Michael Moriarty said of the film: The Yellow Wallpaper is going to be a wonderfully haunting film, profoundly Gothic. It's a low budget production, but exceptionally well written."[14]

After the shooting of the film, Michael Moriarty retired from acting, after an illustrious career in which he won a Tony award, numerous Emmy awards, and a Golden Globe award. It was his last feature film role.

The script was written in three months by Logan Thomas and Aric Cushing, and Cushing said his goal was to popularize Gilman's work.[15]

Director Thomas used the Digital Sony 950, and the film is the first ever period feature film to be shot with this digital format. Thomas is becoming know as a "visualist" director in the tradition of David Lynch and Ridley Scott.[16]

Juliet Landau, during an interview, compared her role to Nicole Kidman's role in "The Others".[17]

Kyla Kennedy's first role at the age of 3, before going on to work on shows such as The Walking Dead and Speechless.

The film is a seminal role for actor Aric Cushing and the last film role of actor Ted Manson, who also appeared in The Curious Case of Benjamin Button with Brad Pitt.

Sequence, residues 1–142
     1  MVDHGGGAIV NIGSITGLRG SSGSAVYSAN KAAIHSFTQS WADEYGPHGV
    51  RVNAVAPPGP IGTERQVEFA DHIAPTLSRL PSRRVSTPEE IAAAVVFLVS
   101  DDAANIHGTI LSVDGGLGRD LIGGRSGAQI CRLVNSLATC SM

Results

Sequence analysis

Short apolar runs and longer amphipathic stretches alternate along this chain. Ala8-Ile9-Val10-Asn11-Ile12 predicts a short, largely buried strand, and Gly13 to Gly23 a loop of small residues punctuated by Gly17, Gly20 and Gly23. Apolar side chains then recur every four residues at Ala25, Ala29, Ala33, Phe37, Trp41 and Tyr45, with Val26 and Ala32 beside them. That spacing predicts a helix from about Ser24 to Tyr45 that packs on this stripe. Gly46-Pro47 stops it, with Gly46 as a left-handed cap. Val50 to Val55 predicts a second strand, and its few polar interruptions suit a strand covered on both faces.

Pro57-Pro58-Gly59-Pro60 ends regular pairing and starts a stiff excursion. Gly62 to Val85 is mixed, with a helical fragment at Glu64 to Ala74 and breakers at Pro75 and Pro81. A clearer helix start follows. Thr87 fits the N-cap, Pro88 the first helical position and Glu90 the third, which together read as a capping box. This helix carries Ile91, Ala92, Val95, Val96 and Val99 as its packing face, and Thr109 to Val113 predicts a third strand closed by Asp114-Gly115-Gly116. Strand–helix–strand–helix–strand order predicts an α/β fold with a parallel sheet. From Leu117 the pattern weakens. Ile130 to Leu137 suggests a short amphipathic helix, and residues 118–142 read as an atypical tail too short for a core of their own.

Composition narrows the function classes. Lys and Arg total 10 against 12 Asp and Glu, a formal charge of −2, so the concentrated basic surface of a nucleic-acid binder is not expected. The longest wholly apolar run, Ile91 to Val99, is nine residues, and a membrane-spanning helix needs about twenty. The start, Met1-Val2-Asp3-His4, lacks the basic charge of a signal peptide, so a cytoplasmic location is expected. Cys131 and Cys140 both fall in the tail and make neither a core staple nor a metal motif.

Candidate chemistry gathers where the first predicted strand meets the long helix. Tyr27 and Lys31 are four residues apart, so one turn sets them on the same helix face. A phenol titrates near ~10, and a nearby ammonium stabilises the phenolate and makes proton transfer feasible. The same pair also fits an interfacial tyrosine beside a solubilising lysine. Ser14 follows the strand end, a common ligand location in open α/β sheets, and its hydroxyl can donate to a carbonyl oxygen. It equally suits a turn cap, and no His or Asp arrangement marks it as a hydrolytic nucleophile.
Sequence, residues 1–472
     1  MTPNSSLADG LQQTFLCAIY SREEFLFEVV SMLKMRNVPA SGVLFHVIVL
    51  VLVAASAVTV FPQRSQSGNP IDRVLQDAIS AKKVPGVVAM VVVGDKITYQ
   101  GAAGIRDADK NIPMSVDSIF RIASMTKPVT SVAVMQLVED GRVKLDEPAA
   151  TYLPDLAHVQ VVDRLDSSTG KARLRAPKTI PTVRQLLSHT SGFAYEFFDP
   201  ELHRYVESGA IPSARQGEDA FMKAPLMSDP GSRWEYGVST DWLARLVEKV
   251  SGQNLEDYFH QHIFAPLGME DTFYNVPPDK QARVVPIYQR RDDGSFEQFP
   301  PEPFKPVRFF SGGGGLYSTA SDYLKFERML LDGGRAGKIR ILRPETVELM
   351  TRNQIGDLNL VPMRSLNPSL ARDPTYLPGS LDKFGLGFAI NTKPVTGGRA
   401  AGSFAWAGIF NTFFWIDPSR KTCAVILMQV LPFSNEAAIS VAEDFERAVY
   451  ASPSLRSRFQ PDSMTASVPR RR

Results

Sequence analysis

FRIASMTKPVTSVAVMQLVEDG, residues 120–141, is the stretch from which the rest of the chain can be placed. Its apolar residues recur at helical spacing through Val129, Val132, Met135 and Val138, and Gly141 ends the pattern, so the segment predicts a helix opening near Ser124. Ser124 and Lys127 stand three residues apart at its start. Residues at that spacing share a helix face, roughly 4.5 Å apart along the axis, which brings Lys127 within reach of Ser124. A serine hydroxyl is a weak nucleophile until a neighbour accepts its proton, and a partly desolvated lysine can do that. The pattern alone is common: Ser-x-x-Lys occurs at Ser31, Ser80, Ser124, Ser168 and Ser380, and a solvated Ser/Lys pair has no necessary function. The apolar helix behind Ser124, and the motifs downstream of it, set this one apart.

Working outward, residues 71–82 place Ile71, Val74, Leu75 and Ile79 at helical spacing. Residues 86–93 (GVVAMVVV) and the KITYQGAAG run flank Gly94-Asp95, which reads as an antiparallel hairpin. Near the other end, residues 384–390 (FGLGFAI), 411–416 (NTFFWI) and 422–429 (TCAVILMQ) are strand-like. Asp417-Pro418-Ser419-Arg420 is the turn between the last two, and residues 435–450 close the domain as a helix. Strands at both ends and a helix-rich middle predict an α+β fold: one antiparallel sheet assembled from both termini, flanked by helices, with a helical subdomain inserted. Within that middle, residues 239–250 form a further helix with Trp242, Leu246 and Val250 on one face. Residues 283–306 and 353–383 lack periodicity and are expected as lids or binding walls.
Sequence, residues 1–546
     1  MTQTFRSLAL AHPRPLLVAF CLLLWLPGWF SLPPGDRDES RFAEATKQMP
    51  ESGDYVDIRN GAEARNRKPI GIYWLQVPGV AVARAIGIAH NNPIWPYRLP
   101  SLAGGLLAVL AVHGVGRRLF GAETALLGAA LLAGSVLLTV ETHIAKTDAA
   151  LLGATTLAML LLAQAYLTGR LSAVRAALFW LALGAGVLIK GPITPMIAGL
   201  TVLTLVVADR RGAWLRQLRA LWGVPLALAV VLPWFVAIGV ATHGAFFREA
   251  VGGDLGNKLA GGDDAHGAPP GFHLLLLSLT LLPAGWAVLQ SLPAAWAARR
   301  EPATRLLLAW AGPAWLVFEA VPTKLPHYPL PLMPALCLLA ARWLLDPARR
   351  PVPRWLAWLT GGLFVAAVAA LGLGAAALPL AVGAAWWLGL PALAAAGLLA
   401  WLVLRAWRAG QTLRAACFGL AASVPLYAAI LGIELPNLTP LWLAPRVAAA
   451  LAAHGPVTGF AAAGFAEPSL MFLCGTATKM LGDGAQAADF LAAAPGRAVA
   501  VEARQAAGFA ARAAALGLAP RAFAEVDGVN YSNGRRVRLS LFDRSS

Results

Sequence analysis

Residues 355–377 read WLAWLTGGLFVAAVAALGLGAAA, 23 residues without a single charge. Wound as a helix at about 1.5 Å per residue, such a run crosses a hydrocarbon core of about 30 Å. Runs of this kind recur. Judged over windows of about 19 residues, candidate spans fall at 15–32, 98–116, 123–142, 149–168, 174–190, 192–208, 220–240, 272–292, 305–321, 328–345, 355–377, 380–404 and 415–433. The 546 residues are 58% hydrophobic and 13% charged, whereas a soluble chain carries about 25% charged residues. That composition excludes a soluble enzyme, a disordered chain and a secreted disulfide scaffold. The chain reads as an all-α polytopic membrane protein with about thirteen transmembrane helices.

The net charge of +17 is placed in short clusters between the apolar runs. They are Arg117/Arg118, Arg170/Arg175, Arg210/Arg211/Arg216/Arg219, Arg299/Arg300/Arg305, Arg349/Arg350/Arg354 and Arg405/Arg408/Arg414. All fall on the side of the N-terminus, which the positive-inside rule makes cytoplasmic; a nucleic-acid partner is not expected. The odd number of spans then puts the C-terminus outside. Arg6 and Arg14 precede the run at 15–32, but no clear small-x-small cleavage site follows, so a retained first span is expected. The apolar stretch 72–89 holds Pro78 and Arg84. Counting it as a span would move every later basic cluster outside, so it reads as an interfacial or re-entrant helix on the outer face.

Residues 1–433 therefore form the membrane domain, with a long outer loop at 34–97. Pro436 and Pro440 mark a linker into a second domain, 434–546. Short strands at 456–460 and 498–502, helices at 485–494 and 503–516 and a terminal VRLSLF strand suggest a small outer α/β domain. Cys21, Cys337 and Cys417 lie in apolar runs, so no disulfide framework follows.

A companion book to the film was written The Yellow Wallpaper and Other Gothic Stories[18], by Aric Cushing. The book features two stories previously unpublished since their inception, and seemingly lost. The essay in the beginning of the book was written by Cushing entitled "Is the Yellow Wallpaper a Gothic Story?"[19]


By the time the film was released, Blockbuster video was beginning to have problems and mass shut downs of their video stores. The film was picked up by Netflix, iTunes, and various distribution outlets in the United States and subsequently released on Amazon.[20]

Aric Cushing said of the release of the film: In the 1990’s the trend in acquisition, as well as public consumption, was independent films. You could write, produce, and distribute a movie and make money. Redbox and Amazon has now killed that almost completely.[21]